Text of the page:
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Act on Paedophilia
April 11, 2011

Act on Paedophilia


11 April 2011

Kiran Tare: The conviction of two British nationals, Duncan Grant and Allan Waters, for sexually abusing minor boys has underlined the need for a stringent law against sexual exploitation of children. Activists say that the provisions of Indian Penal Code are not stringent enough to book someone for sexually exploiting children.

In March 2006, a Mumbai sessions court had sentenced Grant and Waters, both former officers of British Navy, to six years in prison on the charge of sodomy and sexually abusing five minor boys in Anchorage Shelter Home they ran in Colaba since 1995. They challenged the conviction in the Bombay High Court, which acquitted them in 2008. The high court had refused to consider the testimony of the two boys, which was the basis for the session court's judgment, as reliable because there were inconsistencies in their statements. On March 21, the Supreme Court upheld the session court's sentencing. Grant has spent three years and two months and Waters, five years in prison.

Asha Bajpai, a researcher at Tata Institute of Social Sciences, says, "Section 375 of the IPC talks about rape of a woman and Section 354 deals with unnatural sex. However, there is no stringent section to deal with child sexual abuse." She says that victimised children do not have a forum to lodge their complaints. Many orphanages do not allow authorities to inspect their premises on the pretext that they do not take government funds.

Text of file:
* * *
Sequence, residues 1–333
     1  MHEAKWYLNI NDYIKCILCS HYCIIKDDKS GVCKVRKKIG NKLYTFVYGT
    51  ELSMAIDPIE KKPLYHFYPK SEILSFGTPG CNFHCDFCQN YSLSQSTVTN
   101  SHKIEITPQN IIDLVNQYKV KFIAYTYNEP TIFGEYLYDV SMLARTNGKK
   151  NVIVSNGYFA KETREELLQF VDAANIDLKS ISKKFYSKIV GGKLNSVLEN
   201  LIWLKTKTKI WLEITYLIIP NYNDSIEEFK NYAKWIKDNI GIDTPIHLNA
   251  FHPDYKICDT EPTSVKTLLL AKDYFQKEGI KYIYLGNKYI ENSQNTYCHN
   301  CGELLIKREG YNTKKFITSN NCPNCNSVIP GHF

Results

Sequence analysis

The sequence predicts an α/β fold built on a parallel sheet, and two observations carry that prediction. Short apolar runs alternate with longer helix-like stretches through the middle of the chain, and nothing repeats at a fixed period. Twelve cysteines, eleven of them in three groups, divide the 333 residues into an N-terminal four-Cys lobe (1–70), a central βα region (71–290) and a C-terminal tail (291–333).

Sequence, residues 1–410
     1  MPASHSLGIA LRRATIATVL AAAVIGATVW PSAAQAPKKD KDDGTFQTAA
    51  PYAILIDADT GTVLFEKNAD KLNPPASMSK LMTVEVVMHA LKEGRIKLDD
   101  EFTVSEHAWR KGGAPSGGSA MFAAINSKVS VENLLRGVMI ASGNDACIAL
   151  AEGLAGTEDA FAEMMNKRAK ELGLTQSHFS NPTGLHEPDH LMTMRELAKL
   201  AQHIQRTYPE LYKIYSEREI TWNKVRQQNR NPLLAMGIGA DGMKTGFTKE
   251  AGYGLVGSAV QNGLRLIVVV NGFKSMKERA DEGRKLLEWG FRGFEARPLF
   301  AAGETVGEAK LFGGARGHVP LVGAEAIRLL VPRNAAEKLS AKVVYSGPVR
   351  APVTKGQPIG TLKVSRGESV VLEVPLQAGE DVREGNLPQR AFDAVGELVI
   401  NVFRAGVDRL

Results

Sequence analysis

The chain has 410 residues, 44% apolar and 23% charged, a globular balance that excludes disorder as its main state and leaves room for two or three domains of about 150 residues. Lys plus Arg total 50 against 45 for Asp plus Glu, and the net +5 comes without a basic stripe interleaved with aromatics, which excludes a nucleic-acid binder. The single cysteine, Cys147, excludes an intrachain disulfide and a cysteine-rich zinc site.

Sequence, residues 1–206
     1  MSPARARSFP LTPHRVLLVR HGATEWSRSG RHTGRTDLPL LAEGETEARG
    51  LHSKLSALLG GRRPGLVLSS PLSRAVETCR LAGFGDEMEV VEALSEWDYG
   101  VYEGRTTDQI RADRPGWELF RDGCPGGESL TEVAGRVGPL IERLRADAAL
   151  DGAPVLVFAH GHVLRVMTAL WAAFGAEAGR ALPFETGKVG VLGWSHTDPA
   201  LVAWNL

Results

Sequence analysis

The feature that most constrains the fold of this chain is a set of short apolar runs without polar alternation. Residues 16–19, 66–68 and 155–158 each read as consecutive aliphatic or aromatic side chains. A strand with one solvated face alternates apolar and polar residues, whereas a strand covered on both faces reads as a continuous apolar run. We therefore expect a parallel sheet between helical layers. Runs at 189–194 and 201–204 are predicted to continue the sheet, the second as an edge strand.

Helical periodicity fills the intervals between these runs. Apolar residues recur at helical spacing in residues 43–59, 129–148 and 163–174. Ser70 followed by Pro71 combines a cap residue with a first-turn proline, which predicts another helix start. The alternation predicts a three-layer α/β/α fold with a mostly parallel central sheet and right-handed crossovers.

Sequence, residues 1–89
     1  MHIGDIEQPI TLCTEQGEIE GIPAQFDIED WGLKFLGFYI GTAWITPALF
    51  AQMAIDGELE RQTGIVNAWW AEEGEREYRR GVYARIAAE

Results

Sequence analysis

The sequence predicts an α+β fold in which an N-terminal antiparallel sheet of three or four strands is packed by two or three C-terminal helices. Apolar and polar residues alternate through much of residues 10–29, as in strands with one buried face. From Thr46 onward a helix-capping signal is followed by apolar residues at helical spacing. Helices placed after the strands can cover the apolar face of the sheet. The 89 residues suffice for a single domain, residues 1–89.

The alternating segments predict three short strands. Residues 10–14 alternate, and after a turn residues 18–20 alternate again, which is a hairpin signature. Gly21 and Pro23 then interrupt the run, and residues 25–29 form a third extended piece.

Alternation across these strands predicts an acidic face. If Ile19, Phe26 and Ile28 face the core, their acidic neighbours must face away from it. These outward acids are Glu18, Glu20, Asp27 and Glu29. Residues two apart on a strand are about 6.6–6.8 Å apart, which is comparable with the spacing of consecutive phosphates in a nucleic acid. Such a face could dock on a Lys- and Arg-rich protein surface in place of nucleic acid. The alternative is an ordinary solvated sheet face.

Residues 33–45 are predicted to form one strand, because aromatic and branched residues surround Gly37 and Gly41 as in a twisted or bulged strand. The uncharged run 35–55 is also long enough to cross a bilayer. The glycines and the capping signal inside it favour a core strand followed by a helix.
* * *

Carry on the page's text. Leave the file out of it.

In 1991, Goa police arrested Freddy Peats, an Indian national of Anglo-German descent, for running a child pornography racket. In 2000, Mumbai police arrested a Swiss couple, Wilhelm and Loshiar Marty, for sexually abusing and filming street children.

Colaba resident Meher Pestonjee had raised an alarm at the Anchorage Shelter Home 10 years ago. She was tipped-off about the possible abuse of children in the home by an American artist Camel Berkson, who stayed at the Salvation Army Hostel in Colaba. Pestonjee insists on mandatory qualification in social work for persons wanting to set up ngos. Pestonjee had approached advocate Mahrukh Adenwala to file a case against Grant. Adenwala pursued the case. "We are still hoping for a stringent law against sexual exploitation of children," says Adenwala.

Grant and Waters were on the radar of a UK-based organisation End Child Prostitution, Child Pornography and the Trafficking of Children for Sexual Purposes (ECPAT), for sex tourism in India. ECPAT Director Christine Beddoe says, "The conviction of Grant and Waters sends a strong message that travelling British sex offenders can no longer go abroad and get away with abusing children without fear of punishment."